As long as oil markets have existed, producers have tried to control them. From John Rockefeller’s Standard Oil in 1890 to the Railroad Commission of Texas in 1930 to OPEC since 1960, participants have attempted to stabilize the price of oil through controlling supply. Nevertheless this is much harder said than done as basic human tendencies, revealed through the prisoner’s dilemma, can easily undermine carefully designed production quotas.
Prisoner’s dilemma highlights the psychological motivation for individuals and organizations to cheat in the presence of rewards, despite a greater reward if they cooperate. To clearly highlight the influence of this phenomenon within OPEC’s production, we will divide OPEC into 2 main players, Saudi Arabia, which produces 40% of OPEC’s total daily output, and the 11 other member countries. The rules are for each member to stick to its production quotas, set during a conference of all members at their Vienna headquarters, usually twice a year. The nature is that OPEC members have been blessed with substantial oil reserves, comprising 81% of world crude oil reserves by their estimates.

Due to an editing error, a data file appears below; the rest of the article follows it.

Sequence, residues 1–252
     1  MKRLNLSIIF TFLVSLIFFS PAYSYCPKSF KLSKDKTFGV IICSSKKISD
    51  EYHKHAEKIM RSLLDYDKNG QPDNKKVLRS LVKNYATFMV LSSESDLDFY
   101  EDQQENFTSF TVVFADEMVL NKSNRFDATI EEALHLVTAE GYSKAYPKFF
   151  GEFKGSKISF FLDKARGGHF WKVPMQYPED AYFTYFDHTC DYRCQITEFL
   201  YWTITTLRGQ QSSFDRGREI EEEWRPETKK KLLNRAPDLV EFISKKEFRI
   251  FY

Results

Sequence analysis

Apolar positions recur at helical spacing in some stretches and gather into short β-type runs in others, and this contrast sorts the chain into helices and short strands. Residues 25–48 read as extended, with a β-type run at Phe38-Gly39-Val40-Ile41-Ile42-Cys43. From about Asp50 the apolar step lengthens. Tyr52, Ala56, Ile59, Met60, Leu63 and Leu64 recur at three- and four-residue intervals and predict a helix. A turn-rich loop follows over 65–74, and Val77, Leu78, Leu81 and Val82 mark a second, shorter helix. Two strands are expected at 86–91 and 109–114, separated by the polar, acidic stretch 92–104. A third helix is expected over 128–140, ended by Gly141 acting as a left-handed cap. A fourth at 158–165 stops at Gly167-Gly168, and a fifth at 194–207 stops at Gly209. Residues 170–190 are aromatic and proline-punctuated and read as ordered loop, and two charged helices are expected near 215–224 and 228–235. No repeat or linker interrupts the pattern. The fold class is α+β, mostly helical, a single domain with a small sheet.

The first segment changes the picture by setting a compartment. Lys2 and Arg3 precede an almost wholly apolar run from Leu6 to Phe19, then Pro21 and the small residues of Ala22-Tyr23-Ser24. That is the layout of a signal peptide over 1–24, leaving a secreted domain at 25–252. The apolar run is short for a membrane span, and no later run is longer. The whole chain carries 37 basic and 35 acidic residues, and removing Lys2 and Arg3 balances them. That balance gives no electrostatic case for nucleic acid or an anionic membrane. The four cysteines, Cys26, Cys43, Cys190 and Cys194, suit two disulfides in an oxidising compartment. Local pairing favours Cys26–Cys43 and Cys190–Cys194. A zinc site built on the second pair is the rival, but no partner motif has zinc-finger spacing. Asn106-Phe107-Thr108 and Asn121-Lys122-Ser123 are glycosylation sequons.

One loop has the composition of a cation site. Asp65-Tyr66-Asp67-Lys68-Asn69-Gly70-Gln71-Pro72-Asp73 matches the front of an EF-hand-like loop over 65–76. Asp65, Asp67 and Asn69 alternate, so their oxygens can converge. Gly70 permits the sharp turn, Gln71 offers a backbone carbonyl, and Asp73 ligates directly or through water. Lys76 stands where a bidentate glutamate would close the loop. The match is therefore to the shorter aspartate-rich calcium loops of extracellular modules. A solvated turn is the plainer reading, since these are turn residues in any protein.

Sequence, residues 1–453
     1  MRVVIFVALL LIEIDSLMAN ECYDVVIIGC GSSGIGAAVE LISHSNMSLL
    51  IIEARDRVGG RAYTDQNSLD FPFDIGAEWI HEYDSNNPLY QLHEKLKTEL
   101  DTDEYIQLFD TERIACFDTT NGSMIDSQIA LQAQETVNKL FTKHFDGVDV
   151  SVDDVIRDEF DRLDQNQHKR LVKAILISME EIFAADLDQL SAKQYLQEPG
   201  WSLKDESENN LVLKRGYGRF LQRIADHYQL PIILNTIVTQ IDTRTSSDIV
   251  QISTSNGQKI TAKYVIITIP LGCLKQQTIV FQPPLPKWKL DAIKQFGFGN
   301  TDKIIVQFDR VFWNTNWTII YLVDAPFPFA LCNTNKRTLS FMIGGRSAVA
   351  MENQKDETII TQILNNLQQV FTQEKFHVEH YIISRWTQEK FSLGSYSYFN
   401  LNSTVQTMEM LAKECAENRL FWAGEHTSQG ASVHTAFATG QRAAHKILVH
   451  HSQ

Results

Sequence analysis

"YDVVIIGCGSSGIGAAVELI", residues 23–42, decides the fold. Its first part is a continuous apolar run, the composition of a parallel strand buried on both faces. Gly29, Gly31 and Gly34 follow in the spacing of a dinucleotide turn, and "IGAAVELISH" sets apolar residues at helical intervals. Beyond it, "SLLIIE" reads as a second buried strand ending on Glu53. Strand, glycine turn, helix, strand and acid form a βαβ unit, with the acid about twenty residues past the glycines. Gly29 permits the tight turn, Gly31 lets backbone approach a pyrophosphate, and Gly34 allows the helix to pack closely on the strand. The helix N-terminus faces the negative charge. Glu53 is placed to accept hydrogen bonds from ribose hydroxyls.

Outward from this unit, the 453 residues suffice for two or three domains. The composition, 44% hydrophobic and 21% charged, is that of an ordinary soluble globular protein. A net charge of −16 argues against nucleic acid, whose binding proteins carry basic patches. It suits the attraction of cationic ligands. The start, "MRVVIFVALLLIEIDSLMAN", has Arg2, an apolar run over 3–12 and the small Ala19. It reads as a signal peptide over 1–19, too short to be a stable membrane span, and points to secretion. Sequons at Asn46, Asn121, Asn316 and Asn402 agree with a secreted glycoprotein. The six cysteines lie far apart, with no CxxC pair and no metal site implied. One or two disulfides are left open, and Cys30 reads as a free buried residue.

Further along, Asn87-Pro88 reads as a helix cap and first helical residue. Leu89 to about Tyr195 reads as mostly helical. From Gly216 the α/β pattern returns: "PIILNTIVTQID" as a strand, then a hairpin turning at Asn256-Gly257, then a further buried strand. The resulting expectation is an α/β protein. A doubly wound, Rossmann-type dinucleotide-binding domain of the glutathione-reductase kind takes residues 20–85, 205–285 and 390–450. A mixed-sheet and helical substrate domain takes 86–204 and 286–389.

Just as two partners in crime locked in separate jail cells think about ratting each other out for a lighter prison sentence, OPEC members ponder over abiding by OPEC’s production quotas for the integrity of the cartel and its pricing power, or cheating and producing more oil for the benefit of their own economy. Given the relative inelasticity of demand for oil, OPEC’s manipulates prices through supply, wrestling pricing power away from the free-market. This monopolistic control enables member countries to take part of the consumer surplus through higher prices, disadvantaging global consumers and creating a deadweight loss.
OPEC is only as good as its control over production, and herein lies the dilemma. If all members produce accordingly and OPEC adheres to last years (and most recently scrapped) quota of 30 million barrels per day, the price of oil would increase and all members would profit. However member nations are motivated to cheat by increasing production, reaping the higher oil prices that other members have sacrificed to achieve. If everyone cheats then oil prices will drop from the increased supply: a return to free market economics as prices fall to producer’s marginal costs. This results in lower oil prices, no deadweight loss, and cost savings for consumers worldwide: the socially optimal outcome. These incentives are illustrated in the following payoff matrix.
|Price: $ Million USDQuantity: Million Barrels/Day (mbl/d)||OPEC (ex-Saudi Arabia)|
|SA:15 mbl/d||OPEC-SA: 15 mbl/d||SA:15 mbl/d||OPEC-SA: 16 mbl/d|
|SA:16 mbl/d||OPEC-SA: 15 mbl/d||SA:16 mbl/d||OPEC-SA: 16 mbl/d|
|Revenues in $ Million USD||OPEC (ex-Saudi Arabia)|